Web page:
Suffragist, birth control activist
By Kelly Marino
Postdoctoral fellow, Binghamton University
Katharine Martha Houghton Hepburn (“Kit”) was born in Buffalo, New York, on February 2, 1878, to Caroline Garlinghouse and Alfred Augustus Houghton. The Houghtons owned Corning Glass Works. Tragedy plagued the family. Alfred committed suicide in 1892, and Caroline died from stomach cancer in 1894. Relatives raised Hepburn and her two sisters, Edith and Marion. Katharine graduated from Bryn Mawr College with a bachelor’s degree in 1899. She earned a master’s from Radcliffe College one year later, fulfilling her mother’s wish for her to get a higher education. After finishing school, Hepburn traveled around Europe and later took a teaching job in Baltimore, Maryland, where she met Thomas N. Hepburn, a medical student at John Hopkins. The couple married in 1904, settled in West Hartford, Connecticut, and had six children: Thomas, Katharine, Richard, Robert, Marion, and Margaret.
Katharine became interested in woman suffrage after hearing a speech by British activist Emmeline Pankhurst in 1909. There she befriended Connecticut native and young socialite, Emily Miller Pierson. Viewing the state suffrage association as archaic, the two women formed the Hartford Equal Franchise League. In 1910, Hepburn and Pierson, along with other young campaigners, took over the Connecticut Woman Suffrage Association. Hepburn secured the presidency. Connecticut suffragists celebrated her executive and oratory skills. Hepburn linked the vote with other initiatives like moral reform. She emphasized how woman suffrage would help in the fight against the white slave trade and venereal disease. In 1917, Hepburn became one of the many state suffragists to exit the Connecticut Woman Suffrage Association for the National Woman’s Party. She composed a long letter stressing that the National American Woman Suffrage Association was not doing enough for voting rights. Pregnancy prevented Hepburn from picketing the White House; however, she funded Connecticut activist Edna Mary Purtell’s trip to Washington in her place. The NWP appointed Hepburn as the National Executive Committee’s legislative chairman.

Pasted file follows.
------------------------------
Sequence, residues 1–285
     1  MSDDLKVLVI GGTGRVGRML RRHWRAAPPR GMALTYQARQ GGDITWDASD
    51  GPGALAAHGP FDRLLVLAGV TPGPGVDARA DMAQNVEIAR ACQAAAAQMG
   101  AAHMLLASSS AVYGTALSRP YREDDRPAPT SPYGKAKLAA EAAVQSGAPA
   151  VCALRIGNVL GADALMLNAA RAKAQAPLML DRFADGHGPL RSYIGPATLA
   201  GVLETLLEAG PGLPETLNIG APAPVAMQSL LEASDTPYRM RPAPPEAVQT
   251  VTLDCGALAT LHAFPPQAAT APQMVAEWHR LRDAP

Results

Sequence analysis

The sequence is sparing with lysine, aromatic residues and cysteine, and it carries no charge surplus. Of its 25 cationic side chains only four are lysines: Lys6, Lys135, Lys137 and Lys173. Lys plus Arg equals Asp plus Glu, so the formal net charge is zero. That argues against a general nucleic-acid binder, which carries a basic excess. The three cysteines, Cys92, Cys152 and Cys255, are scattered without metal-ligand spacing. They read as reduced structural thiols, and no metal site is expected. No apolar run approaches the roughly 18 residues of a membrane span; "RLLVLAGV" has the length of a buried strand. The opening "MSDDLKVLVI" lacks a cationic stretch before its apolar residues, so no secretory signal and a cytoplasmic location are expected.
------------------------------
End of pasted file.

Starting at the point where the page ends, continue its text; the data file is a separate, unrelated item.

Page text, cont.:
After suffrage had been won, Hepburn remained active in politics. She turned down a bid for the U.S. Senate; however, she was an enthusiastic birth control organizer. Hepburn helped form the American Birth Control League, the forerunner of Planned Parenthood, alongside childhood acquaintance, Margaret Sanger. Sanger selected her as chair of the National Committee on Federal Legislation for Birth Control. Hepburn also contributed to the Connecticut Birth Control League and an illegal Hartford birth control clinic in the 1930s. Her fight for reproductive rights laid the groundwork for the landmark case Griswold v. Connecticut in 1965. During the late 1930s, Hepburn pulled back from activism to focus on family. She died suddenly, on March 17, 1951, after a cerebral hemorrhage.
For more on Hepburn’s anti-prostitution campaigns, see Peter C. Baldwin, Domesticating the Street: The Reform of Public Space in Hartford, 1850-1930 (Columbus: Ohio State University Press, 1999), and on her birth control campaigns, see David J. Garrow, Liberty and Sexuality: The Right to Privacy and the Making of Roe v. Wade (New York: Macmillan, 1994). Carole Nichols, Votes and More for Women: Suffrage and After in Connecticut (New York: Institute for Research in History, 1983) details her suffrage organizing, as do the Connecticut Woman Suffrage Association Records at the Connecticut State Library. The papers of her daughter, actress Katharine Hepburn, are at the New York Public Library. The New Haven Museum houses the records of Planned Parenthood of Connecticut.